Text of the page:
That Gunsmoke is the greatest TV western of all time is hard to dispute. it may be the great TV show of all time. Think of what your favorite show might have been like after 20 years on the air and then compare it to Gunsmoke, which was probably as good as anything on TV for it's entire twenty year run. Not too many shows were on so long that their runs can be divided into eras, but Gunsmoke has three of them. The first is the half hour black and white era, (1955-61). This is the most praised era of the show and the era of it's greatest popularity, (it was the #1 show on TV the last four of those years). Critics praise the "tight scripting" of those days and James Arness has said he prefers John Meston's "little morality plays" to the later hour episodes, which some critics have called "bloated". I like the half hours because they show the program in it's formative years, when the cast was young, (and the right age for their characters). I also like you can get four of them to a cassette, rather than two. But these shows are basically about incidents, rather than stories. They lack character and story development. The second era is the hour long black and white era. This is my favorite, firstly because it's the earliest one I remember from the times I watched it with my father and secondly because it's the best. With the extra hour to work with and a new group of writers to do the work,. the series matured. The supporting cast became stars, (nearly every famous episode featuring Chester, Festus, Doc or Kitty comes from this period). It also is the era when the second lead was introduced. the first and best was Burt Reynolds as Quint Asper, who's entire run is in this era. The writers also increased the scope of the show by focusing on "guest characters" with the regulars as supporting players. Unfortunately, the general public didn't share my enthusiasm for this era, (or they found something better to do on Saturday nights). Gunsmoke fell from #1 to #36, (in an era where there were only three networks), and actually got briefly canceled until William Paley saved it. But the old Saturday night spot was taken by Mannix so the show was moved to Tuesday, where it was expected to die a natural death among shows intended for younger viewers. In the greatest upset in TV ratings history, the show was discovered by a new generation and rebounded to #2, earning it another 8 years on the air, by which time the western craze it had started was long over and all it's rivals, even Bonanza, were long off the air.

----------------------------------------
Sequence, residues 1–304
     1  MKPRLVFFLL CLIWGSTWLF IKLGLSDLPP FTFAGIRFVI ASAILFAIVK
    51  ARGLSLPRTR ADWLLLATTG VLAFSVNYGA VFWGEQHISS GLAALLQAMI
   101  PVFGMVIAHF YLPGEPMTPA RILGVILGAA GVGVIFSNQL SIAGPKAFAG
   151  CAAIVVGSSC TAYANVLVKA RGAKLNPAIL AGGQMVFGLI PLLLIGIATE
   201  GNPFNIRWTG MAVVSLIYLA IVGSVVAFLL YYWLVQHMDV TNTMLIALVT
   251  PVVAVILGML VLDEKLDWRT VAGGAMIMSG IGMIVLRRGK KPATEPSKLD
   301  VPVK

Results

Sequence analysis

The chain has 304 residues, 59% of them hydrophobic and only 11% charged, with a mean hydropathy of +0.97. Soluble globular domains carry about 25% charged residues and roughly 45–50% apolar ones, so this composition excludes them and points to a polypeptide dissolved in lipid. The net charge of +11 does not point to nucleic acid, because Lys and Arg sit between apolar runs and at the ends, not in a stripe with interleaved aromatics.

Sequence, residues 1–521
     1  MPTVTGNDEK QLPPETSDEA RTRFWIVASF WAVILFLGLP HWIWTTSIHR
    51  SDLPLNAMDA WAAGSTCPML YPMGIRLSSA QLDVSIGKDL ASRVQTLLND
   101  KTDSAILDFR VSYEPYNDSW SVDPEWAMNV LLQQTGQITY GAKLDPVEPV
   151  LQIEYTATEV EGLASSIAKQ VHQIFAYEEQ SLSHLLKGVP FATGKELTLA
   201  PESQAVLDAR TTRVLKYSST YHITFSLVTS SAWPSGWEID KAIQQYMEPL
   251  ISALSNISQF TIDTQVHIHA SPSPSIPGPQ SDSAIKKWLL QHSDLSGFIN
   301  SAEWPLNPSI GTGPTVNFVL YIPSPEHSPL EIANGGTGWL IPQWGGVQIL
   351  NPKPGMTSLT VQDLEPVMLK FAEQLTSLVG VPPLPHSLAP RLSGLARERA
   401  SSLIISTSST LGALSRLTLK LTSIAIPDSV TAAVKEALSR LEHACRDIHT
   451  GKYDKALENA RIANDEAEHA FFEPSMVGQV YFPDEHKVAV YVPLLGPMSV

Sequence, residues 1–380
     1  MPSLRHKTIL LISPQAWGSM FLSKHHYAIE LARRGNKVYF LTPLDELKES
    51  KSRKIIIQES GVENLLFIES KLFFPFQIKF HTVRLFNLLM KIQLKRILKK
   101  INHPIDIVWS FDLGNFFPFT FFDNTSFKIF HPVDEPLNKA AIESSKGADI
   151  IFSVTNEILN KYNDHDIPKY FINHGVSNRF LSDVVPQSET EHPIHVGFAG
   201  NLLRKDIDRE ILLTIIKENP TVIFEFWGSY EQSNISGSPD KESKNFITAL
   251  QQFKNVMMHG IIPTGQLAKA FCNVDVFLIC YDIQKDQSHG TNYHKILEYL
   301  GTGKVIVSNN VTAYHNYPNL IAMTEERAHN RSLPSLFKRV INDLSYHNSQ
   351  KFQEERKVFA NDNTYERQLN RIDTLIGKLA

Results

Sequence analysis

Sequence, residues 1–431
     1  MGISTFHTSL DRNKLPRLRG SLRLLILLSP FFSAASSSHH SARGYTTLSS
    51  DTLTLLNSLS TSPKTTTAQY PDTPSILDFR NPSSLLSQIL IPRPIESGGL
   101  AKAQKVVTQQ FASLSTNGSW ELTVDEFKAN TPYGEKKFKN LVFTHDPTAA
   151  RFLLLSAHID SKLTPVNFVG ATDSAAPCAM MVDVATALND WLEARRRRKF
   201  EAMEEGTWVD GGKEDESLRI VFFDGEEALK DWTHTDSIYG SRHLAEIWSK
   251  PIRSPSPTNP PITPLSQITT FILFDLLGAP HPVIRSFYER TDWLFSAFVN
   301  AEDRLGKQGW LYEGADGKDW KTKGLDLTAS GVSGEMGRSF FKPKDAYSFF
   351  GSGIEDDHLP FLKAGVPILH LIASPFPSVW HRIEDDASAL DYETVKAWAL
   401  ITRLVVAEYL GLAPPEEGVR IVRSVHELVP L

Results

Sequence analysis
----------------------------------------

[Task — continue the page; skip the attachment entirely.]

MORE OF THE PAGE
By this time, color had taken over. And it didn't do the show much good. Magazine reporters used to say: black and white for drama, color for excitement. Gunsmoke was about drama. Gunsmoke used to use an outdoor set for daytime Dodge City scenes. That disappeared in favor of an indoor set about 1960. In black an white the indoor set sufficed. In color it looked garish and stagy. Color had the same effect on the actors who were now too old for their roles. Real western marshals served for a few months at a time, (and, by the way, US Marshals were never town marshals). it became increasingly ridiculous to see Matt Dillon still gunning down the young whippersnappers after a decade or more. Miss Kitty went from a purdy young thing to a middle aged painted lady. Doc became increasingly enfeebled as Milburn Stone's health declined. Somehow the color film brought out all the wrinkles more than black and white. There where compensations. Each season began with a movie-caliber two parter shot on location in some national park. the overall script quality remained high as the cadre of writers continued to expand. They even got an outdoor set to use again in the later years, although it didn't look much like the Dodge City we had come to know.

The TV movies? The first one was terrible. The second one was quite good. the third one stunk and I didn't bother with them after that.


26 of 38 people found this review helpful.  Was this review helpful to you?